They forget godly men whom God has used to nurture the church. They slander good men and promote those who are just like them.
Let us protect ourselves from this sin of pride by colabouring and submitting ourselves to godly men who love God’s truth and righteousness and serve before Him humbly, faithfully and diligently. The Apostle Peter advises the leaders, “Neither as being lords over God’s heritage, but being ensamples to the flock” (1 Peter 5:3). And later he wrote, “Yea, all of you be subject one to another, and be clothed with humility: for God resisteth the proud, and giveth grace to the humble. Humble yourselves therefore under the mighty hand of God, that he may exalt you in due time” (1 Peter 5:5-6).
Submit yourself also to a council of Biblically-minded, spiritually-wise advisers. “Without counsel purposes are disappointed: but in the multitude of counsellors they are established” (Proverbs 15:22). The Bible makes clear provision for rebuking an elder who persists in sin (cf. 1 Timothy 5:19-20). No one is above reproof. Everyone ought to be accountable. Let every one of us who serves in the leadership remind himself that God expects us to be humble, submissive and accountable to one another.
The Apostle Paul cautions, “For the time will come when they will not endure sound doctrine; but after their own lusts shall they heap to themselves teachers, having itching ears; and they shall turn away their ears from the truth, and shall be turned unto fables” (2 Timothy 4:3-4).
Many who expressed a passion for God’s truth at the beginning of their ministry have succumbed later to the popular notions and expectations of the people around them. The love of truth is weakened by the love for recognition and admiration; and soon integrity has no leg to stand on. Every manner of rationalization and compromise to meet the demands of the expanding audience takes over. Doctrines are not emphasized; moral purity is not pursued after. The audience is to be entertained — the itching ears are to be scratched. Why? Otherwise, he would have to face the unhappiness of the crowd; and he is afraid that people would desert him. So immunity from objection and opposition is created with a heavy dose of relational ethics. The language of love, forgiveness and acceptance abounds — but for those who have eyes to see, it is a camouflage to cover up the abandonment of love for God’s truth.
In order to protect ourselves from such perilous compromise in the ministry, we should cultivate an unflinching commitment to “preach the word; be instant in season, out of season; reprove, rebuke, exhort with all longsuffering and doctrine” (2 Timothy 4:2). Remain fully dedicated to proclaim the truth, even in its smallest details, and turn a deaf ear to the desires of men to have their ears scratched. Compromise with falsehood often begins in small things.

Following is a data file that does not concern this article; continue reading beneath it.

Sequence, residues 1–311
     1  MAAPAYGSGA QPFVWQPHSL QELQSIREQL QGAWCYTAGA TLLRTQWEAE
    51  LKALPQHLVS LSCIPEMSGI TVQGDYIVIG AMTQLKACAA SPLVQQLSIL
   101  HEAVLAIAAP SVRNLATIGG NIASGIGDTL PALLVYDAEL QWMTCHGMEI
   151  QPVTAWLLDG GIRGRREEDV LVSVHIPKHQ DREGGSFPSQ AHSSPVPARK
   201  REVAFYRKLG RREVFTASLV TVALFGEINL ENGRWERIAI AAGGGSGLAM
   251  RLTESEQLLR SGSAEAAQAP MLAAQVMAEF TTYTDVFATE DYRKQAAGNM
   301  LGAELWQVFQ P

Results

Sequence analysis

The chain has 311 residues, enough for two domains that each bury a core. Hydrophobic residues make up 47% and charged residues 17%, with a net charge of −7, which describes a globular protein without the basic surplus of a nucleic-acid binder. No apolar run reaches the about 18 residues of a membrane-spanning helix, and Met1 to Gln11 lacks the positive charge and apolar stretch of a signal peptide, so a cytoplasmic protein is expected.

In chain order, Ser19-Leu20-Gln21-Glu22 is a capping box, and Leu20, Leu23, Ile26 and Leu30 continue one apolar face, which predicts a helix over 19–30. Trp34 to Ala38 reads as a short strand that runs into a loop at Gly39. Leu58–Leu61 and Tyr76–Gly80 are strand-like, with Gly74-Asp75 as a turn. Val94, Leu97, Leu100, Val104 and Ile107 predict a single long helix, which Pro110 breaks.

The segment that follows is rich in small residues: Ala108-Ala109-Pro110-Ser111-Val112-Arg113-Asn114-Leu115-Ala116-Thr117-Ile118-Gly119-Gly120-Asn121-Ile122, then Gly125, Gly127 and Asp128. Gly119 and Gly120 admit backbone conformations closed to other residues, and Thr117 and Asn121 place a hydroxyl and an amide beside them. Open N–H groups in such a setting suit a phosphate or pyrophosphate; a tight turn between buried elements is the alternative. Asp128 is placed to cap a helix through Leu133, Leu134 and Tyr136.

In order to be a brave and faithful preacher of the Word, “Study to shew thyself approved unto God, a workman that needeth not to be ashamed, rightly dividing the word of truth” (2 Timothy 2:15). In the ministry of many leaders, the Word of God has taken a back seat to storytelling, social analysis, family discussions, psychological diagnoses, etc., which begin to usurp the authority of the inspired and preserved Word of God. Loose and sloppy handling of the Scriptures eventually leads to loose and sloppy living of the leaders and the congregation. Let all leaders protect themselves and their congregations through a disciplined study of God’s Word and faithful preaching.
The Apostle Paul very emphatically advised that leaders should “be blameless, the husband of one wife, having faithful children not accused of riot or unruly (Titus 1:6; cf. 1 Timothy 3:2, 4, 12). It is tragic that many leaders have failed to give careful attention in the nurturing of their own children in the ways of God. Therefore, Paul challenges us, “For if a man know not how to rule his own house, how shall he take care of the church of God?” (1 Timothy 3:5).
Our loving treatment of our wives ought to be the reflection of Christ’s wonderful love for the church. The Apostle Paul wrote in Ephesians 5:25-27, “Husbands, love your wives, even as Christ also loved the church, and gave himself for it; that he might sanctify and cleanse it with the washing of water by the word, that he might present it to himself a glorious church, not having spot, or wrinkle, or any such thing; but that it should be holy and without blemish.” Let every church leader remember that his treatment of his wife is reflective of how greatly he thinks of the Lord’s loving dealings with the church.
An adulterous church leader is a disastrous testimony before the church. He does not portray the Lord’s faithful and true love for the church. The Apostle Paul teaches us in Ephesians 5:31-32 that Christian marriage is a token of the mystery of the relationship that Christ has with the church. “For this cause shall a man leave his father and mother, and shall be joined unto his wife, and they two shall be one flesh. This is a great mystery: but I speak concerning Christ and the church.” Adultery is an appalling desecration of the image of Christ and His church.
Let every church leader remember that God expects him to prove his faithfulness as a leader in his own home first. Remind yourself repeatedly that your marriage is a living testimony of Christ’s relationship to the church. We simply must recover the wonder of this truth. Marriage has to do with Christ, not just two people trying to seek fulfilment. It is a mission whereby God’s love is to be portrayed to the world. It is an extraordinary calling.